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Court rules Turlock Sikh Temple takeover illegal
Sikh temple pic2
Members of the Turlock Sikh Temple celebrate the opening of the temple on 5th Street and Linwood Avenue in 2011. The Stanislaus Superior Court ruled that the takeover of the temple administration in June 2013 was illegal. The running of the temple will be turned over to the board of directors elected in January 2013. - photo by Journal file photo

A Stanislaus Superior Court ruling found a group of Turlock Sikh Temple members acted illegally in taking control of the temple in June 2013.

According to court documents, a rift developed between two factions of the temple over the decision of the board of directors to terminate the contract of Attar Singh, a priest of the temple. The disagreement turned physical on June 2, 2013, when a fight broke out in front of the temple. A few weeks after the fight, a group of temple members including Gurjeet Singh, Gurdev Singh, Davinder Singh, Nirmal Singh Chandi, Singh Sandu, Havinder Singh Kullar and Gurjit Singh Dhillon, changed the locks on the temple doors, took control of the office and corporate records of the temple and began running its affairs.

The directors who were elected by temple members in January 2013 filed a complaint against this group claiming the change occurred by force and without a proper election. The court agreed.

The court ruled that the defendants must give up control of the temple's facilities, records and finances immediately and are prohibited from serving as officers or directors of the Turlock Sikh Temple for the next five years.

"I am pleased and thankful that this ruling came out," said Harinder Grewal, a member of the Turlock Sikh Temple who testified on behalf of the elected board. "Nobody should ever use threat of force to take over, not only God's house, but any property or organization."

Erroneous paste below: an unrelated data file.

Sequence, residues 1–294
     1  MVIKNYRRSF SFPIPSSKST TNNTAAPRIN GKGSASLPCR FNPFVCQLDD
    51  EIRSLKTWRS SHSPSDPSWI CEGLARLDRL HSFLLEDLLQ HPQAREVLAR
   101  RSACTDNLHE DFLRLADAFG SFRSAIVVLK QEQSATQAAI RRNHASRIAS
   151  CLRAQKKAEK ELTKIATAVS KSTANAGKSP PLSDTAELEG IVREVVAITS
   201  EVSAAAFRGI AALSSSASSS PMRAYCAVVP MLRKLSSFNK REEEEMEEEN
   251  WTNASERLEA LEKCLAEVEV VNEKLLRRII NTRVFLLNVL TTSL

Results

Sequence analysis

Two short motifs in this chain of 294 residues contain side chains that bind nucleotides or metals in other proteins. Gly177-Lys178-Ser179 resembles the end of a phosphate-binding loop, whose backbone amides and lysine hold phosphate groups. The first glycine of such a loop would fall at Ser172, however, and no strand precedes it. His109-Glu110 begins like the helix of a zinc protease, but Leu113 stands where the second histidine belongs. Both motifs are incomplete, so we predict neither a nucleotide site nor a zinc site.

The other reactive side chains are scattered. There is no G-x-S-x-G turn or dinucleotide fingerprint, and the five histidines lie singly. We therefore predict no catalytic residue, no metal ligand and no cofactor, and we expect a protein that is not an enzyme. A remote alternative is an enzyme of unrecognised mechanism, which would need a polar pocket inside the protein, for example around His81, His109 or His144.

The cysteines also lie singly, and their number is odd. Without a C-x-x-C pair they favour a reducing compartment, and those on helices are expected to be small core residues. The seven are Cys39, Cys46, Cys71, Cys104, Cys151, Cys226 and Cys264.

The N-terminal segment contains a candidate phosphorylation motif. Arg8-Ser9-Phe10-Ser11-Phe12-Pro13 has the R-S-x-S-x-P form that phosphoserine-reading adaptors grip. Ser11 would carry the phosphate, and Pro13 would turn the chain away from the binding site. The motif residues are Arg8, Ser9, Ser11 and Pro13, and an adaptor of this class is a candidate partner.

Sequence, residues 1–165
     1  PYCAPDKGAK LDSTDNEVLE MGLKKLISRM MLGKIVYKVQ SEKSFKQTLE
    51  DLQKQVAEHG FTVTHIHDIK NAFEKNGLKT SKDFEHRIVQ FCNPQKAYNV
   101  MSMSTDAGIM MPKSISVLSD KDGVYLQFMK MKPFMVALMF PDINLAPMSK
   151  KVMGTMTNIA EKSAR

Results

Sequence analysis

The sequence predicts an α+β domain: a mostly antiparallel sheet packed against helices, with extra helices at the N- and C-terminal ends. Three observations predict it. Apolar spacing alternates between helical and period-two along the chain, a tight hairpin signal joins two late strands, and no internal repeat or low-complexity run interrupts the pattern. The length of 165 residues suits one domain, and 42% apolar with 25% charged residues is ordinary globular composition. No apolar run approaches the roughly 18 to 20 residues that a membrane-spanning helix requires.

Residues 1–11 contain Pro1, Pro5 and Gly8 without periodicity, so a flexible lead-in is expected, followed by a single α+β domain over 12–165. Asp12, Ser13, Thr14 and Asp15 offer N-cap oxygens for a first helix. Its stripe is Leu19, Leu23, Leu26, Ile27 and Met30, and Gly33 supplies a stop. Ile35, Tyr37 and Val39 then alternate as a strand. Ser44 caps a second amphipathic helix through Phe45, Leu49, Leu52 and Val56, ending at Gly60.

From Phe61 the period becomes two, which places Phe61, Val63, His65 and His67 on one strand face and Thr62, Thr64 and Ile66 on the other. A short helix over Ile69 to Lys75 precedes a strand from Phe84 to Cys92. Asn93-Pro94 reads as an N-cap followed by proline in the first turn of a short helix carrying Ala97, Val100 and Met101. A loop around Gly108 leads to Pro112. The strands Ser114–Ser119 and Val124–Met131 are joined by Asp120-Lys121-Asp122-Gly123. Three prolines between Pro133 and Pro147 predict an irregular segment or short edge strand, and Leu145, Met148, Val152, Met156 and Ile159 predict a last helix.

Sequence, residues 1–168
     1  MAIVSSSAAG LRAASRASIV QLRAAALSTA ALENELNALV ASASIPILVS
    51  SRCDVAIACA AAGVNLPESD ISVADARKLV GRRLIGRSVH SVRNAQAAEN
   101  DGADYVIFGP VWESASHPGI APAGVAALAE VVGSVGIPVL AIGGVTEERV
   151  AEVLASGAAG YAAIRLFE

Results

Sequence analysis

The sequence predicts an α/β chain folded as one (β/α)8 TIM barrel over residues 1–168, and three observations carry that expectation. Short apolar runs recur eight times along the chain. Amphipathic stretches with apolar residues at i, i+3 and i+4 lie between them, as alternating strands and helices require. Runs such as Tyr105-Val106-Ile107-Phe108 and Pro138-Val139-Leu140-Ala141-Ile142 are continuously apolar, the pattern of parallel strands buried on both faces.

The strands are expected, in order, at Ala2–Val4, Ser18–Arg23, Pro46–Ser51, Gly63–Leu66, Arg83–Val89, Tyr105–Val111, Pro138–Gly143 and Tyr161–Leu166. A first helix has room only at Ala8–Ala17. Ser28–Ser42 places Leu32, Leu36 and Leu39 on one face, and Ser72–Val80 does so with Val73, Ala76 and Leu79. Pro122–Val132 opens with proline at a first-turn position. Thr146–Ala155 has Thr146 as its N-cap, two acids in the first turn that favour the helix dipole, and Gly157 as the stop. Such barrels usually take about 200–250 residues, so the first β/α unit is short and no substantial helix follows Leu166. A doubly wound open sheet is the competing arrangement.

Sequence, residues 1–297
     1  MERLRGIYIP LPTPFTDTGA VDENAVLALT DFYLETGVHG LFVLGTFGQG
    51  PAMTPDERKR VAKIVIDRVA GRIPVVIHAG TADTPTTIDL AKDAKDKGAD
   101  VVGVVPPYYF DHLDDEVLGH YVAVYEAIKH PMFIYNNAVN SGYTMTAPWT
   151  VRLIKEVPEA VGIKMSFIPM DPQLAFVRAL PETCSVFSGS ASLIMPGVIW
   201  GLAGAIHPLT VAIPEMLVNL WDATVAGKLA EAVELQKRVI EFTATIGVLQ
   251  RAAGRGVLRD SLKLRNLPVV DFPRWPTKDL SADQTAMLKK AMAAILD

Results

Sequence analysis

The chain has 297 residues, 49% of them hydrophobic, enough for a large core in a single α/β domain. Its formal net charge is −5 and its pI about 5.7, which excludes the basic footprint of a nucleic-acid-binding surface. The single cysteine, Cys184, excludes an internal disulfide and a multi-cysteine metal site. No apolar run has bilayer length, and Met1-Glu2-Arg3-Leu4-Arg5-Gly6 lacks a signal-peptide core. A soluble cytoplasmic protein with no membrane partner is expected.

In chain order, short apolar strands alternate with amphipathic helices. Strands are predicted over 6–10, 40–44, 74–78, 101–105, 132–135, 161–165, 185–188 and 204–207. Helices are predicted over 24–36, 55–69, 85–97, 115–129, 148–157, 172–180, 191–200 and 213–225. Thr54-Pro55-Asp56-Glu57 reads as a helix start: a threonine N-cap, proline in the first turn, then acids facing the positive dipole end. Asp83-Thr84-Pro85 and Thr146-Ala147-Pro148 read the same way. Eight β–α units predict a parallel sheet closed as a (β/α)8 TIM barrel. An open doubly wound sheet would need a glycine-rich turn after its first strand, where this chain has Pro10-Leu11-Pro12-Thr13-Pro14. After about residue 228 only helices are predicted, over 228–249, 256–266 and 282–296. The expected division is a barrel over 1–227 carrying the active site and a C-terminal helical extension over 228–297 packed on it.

Grewal called the ruling "historic" and said it will be a precedent for future court cases involving the hostile takeover of Sikh temples across the United States. He said these takeovers are happening frequently, with money being the motivating factor.

"After a two-year legal battle, the legal order was loud and clear," said Grewal.

The five elected board members who filed the complaint — Kirpal Kaeley, Harvinder Bains, Gurdev Singh Basra, Amrik Singh Rai and Sukhminder S. Deol — will resume control of the temple until the next election  in April 2016, which will be supervised by the court.

The court also ordered that a committee be created to draft a temple membership application to be presented to the court for approval. The membership committee will then be charged with the duty of admitting or denying membership to the Turlock Sikh Temple, ensuring that future elections will involve members of the temple only and not outside people brought in to sway control of the temple to one group or another.

The Turlock Sikh Temple as a religious nonprofit has existed since 1985. The construction of a new temple  began in 2006, with the full construction finishing in April 2011. The temple, located on the corner of 5th Street and Linwood Avenue, is 21,000 square feet and has two stories. The wooden domes were all hand-painted on the inside with murals of clouds, trees and birds.